Report

Diplomats Meet in Vienna for Syria Talks

Talks in Vienna to discuss resolving the Syrian civil war begin today. Iranian Foreign Minister Javad Zarif is leading a delegation to the talks — it is the first time that Iran has been invited to participate in negotiations on Syria, a move that has drawn ire from Syrian rebel groups. The United States, Russia, ...

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Talks in Vienna to discuss resolving the Syrian civil war begin today. Iranian Foreign Minister Javad Zarif is leading a delegation to the talks — it is the first time that Iran has been invited to participate in negotiations on Syria, a move that has drawn ire from Syrian rebel groups. The United States, Russia, Saudi Arabia, and Turkey, among others, are also participating in the talks. The Assad regime and Syrian rebel groups are not part of the Vienna discussions.

In a speech at the Carnegie Endowment for International Peace delivered shortly before departing for Vienna, U.S. Secretary of State John Kerry said that the “challenge that we face in Syria today is nothing less than to chart a course out of hell.” Kerry stressed the importance of a political solution to the civil war for U.S. counterterrorism efforts. “At the end of the day, nothing would do more to bolster the fight against Daesh than a political transition that sidelines Assad so that we can unite more of the country against extremism,” he said.

Saudi Arabia Drops Arms to Allies in Yemen but Optimistic about Ending War

Saudi Arabia airdropped weapons to Yemeni ground forces in Taiz yesterday, continuing its assault on Houthi rebel forces. But Saudi Foreign Minister Adel al-Jubeir expressed optimism about ending the war, telling reporters, “One of the indications that the campaign is nearing its end is the fact that … Ali Abdullah Saleh and the Houthis are accepting U.N. Security Council Resolution 2216 and entering into talks the U.N. on that basis.” Yemeni officials say they will request accession to the Gulf Cooperation Council after the war, Al-Arabiya reports.

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Headlines

  • Financial pressures in the Iraqi government have officials delaying planned weapons deals in order to prioritize hiring 10,000 more paramilitary forces to fight the Islamic State.

 

  • Islamic extremists threw a bomb from a motorcycle at the campus of the University of Aden, damaging the College of Commerce and Economics; militants had previously threatened the school for not enforcing gender segregation in classes.

 

  • Two more knife attacks occurred in Hebron, leaving one Israel Defense Force soldier wounded and the two assailants dead; there have been five stabbing incidents in Hebron this week alone.

 

  • Iranian poets Fatemeh Ekhtesari and Mehdi Musavi have been sentenced to 99 lashes for shaking hands with the opposite sex and lengthy prison terms for “insulting the state,” according to a new U.N. report.

 

  • Saudi blogger Raif Badawi, who is currently serving a 10-year prison sentence for making comments deemed insulting to Islam, has been awarded the European parliament’s Sakharov freedom of thought prize; Badawi was also awarded the Pen Pinter Prize for free speech earlier this month.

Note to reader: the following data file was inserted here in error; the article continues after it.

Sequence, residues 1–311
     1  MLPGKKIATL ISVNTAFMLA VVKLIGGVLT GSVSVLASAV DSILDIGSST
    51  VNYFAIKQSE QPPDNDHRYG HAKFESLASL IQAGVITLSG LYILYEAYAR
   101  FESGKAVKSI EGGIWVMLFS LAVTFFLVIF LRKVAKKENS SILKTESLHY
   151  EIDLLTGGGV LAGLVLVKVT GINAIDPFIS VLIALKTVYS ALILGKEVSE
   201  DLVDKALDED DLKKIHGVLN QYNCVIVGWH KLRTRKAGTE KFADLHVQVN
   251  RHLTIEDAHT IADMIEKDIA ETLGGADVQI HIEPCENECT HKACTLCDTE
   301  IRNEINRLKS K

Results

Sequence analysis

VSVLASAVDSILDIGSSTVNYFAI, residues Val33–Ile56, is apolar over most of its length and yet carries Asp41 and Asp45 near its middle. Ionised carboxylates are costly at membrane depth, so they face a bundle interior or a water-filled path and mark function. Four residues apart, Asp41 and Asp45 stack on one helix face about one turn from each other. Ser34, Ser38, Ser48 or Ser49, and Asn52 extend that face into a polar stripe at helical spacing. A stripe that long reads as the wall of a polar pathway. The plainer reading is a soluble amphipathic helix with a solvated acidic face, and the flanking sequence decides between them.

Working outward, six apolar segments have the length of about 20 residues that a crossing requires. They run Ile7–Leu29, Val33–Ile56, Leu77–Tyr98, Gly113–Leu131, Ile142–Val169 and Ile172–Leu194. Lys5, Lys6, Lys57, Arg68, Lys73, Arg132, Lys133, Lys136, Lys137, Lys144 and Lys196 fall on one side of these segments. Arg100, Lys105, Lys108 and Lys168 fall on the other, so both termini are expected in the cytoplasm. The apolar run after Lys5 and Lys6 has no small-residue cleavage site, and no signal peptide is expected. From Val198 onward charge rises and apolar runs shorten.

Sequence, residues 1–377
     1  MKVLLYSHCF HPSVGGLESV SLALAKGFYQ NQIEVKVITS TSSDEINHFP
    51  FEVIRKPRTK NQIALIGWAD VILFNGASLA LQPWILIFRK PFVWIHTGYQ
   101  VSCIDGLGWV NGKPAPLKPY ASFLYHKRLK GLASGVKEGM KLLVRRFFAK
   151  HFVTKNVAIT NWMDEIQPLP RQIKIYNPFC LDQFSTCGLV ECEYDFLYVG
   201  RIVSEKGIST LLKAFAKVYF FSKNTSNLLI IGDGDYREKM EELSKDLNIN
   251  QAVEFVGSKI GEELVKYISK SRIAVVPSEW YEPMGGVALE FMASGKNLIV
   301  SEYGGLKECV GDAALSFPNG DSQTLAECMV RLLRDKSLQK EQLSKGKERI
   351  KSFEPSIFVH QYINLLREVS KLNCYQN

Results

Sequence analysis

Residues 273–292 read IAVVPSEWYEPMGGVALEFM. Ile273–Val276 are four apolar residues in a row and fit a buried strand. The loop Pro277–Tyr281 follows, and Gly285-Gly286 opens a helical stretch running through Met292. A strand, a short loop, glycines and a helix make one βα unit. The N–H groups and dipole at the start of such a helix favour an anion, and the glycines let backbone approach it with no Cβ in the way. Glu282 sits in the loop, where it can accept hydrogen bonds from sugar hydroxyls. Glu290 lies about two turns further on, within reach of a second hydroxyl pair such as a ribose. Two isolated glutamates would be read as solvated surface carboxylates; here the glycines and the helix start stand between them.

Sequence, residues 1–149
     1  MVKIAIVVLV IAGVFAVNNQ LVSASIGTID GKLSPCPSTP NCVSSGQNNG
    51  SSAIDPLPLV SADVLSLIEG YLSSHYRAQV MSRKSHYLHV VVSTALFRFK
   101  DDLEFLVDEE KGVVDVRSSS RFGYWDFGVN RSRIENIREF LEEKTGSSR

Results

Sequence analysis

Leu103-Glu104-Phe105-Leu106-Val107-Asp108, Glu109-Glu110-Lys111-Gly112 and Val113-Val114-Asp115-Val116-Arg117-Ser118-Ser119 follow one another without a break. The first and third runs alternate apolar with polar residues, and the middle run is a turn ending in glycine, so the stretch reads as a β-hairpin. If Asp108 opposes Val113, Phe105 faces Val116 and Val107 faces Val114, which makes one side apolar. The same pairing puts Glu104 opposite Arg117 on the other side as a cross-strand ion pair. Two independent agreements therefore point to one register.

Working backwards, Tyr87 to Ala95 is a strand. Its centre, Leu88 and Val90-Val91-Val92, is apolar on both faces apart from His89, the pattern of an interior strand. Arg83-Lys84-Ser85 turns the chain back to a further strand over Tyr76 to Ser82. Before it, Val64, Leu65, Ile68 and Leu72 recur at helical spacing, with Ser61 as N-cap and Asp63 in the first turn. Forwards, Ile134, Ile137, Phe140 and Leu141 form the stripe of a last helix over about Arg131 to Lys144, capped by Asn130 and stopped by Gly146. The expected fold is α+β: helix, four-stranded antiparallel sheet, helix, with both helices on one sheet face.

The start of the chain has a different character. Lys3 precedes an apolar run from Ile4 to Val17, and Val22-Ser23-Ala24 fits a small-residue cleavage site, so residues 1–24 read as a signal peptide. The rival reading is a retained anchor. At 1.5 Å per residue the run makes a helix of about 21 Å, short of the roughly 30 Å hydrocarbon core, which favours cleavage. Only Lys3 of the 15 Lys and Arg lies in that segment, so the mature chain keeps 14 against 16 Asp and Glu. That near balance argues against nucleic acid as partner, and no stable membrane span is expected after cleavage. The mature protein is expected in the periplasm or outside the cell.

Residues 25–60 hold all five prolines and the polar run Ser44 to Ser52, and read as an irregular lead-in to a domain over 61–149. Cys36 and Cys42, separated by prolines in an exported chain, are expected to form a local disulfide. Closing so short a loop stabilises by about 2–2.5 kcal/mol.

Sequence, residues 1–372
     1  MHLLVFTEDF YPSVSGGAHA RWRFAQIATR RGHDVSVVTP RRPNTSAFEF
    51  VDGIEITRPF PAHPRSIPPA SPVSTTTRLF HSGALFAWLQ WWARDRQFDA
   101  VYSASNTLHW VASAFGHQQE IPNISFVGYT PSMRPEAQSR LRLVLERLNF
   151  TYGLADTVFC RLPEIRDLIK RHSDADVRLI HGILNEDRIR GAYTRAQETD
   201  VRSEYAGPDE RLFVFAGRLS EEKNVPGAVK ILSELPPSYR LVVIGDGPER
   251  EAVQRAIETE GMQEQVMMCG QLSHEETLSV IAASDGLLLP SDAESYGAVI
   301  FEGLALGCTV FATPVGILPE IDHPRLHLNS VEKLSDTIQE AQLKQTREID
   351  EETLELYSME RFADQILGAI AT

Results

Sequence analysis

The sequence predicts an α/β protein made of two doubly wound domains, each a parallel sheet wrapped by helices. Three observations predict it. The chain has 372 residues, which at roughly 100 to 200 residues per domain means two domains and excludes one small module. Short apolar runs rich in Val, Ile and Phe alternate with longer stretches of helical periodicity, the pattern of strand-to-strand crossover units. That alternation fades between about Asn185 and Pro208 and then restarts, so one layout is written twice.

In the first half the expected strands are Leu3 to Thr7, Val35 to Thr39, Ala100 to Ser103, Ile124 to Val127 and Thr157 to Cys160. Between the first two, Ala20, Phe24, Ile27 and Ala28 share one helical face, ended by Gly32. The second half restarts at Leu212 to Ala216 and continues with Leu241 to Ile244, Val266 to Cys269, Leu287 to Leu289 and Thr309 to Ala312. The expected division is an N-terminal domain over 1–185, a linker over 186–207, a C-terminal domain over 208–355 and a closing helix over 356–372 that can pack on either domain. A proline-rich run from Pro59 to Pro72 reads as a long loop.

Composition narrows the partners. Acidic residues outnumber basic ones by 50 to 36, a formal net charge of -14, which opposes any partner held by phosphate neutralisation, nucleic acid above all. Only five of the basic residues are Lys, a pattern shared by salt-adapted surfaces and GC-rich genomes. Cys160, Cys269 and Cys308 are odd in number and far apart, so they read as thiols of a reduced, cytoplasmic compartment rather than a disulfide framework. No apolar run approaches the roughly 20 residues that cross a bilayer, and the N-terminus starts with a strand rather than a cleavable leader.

Arguments and Analysis

Do Syrian refugees pose a terrorism threat?” (Daniel L. Byman, Markaz)

“If the refugees are treated as a short-term humanitarian problem rather than as a long-term integration challenge, then we are likely to see this problem worsen. Radicals will be among those who provide the religious, educational, and social support for the refugees — creating a problem where none existed. Indeed, the refugees need a comprehensive and long-term package that includes political rights, educational support, and economic assistance as well as immediate humanitarian aid, particularly if they are admitted in large numbers. If they cannot be integrated into local communities, then they risk perpetuating, or even exacerbating, the tensions between Muslim and non-Muslim communities in Europe. Despite their current gratitude for sanctuary in Europe, over time the refugees may be disenfranchised and become alienated. We’ve seen this movie before, where anger and disaffection fester, creating ‘suspect communities’ that do not cooperate with law enforcement and security agencies and allow terrorists to recruit and operate with little interference.”

 

Saudi-Egyptian Relations at the Crossroads” (Fahad Nazer, Arab Gulf States Institute in Washington)

“However, the mutual push toward warmer Egyptian-Saudi ties is not taking place in a vacuum. There are several significant policy differences between them, for example regarding Syria and Yemen, which the two countries must finesse in order to remain close. And Saudi Arabia, in particular, is developing a new and more assertive regional profile and proactive security doctrine that adds an additional context to relations with Egypt. Riyadh’s unprecedented military operation against the Iranian-supported Houthi rebels in Yemen and its publicly acknowledged participation in U.S.-led airstrikes against strongholds of the Islamic State in Iraq and the Levant (ISIL) in Syria, are a stark departure from Saudi Arabia’s traditional security and foreign policy postures that favored behind-the-scenes diplomacy and accommodation.”

-J. Dana Stuster

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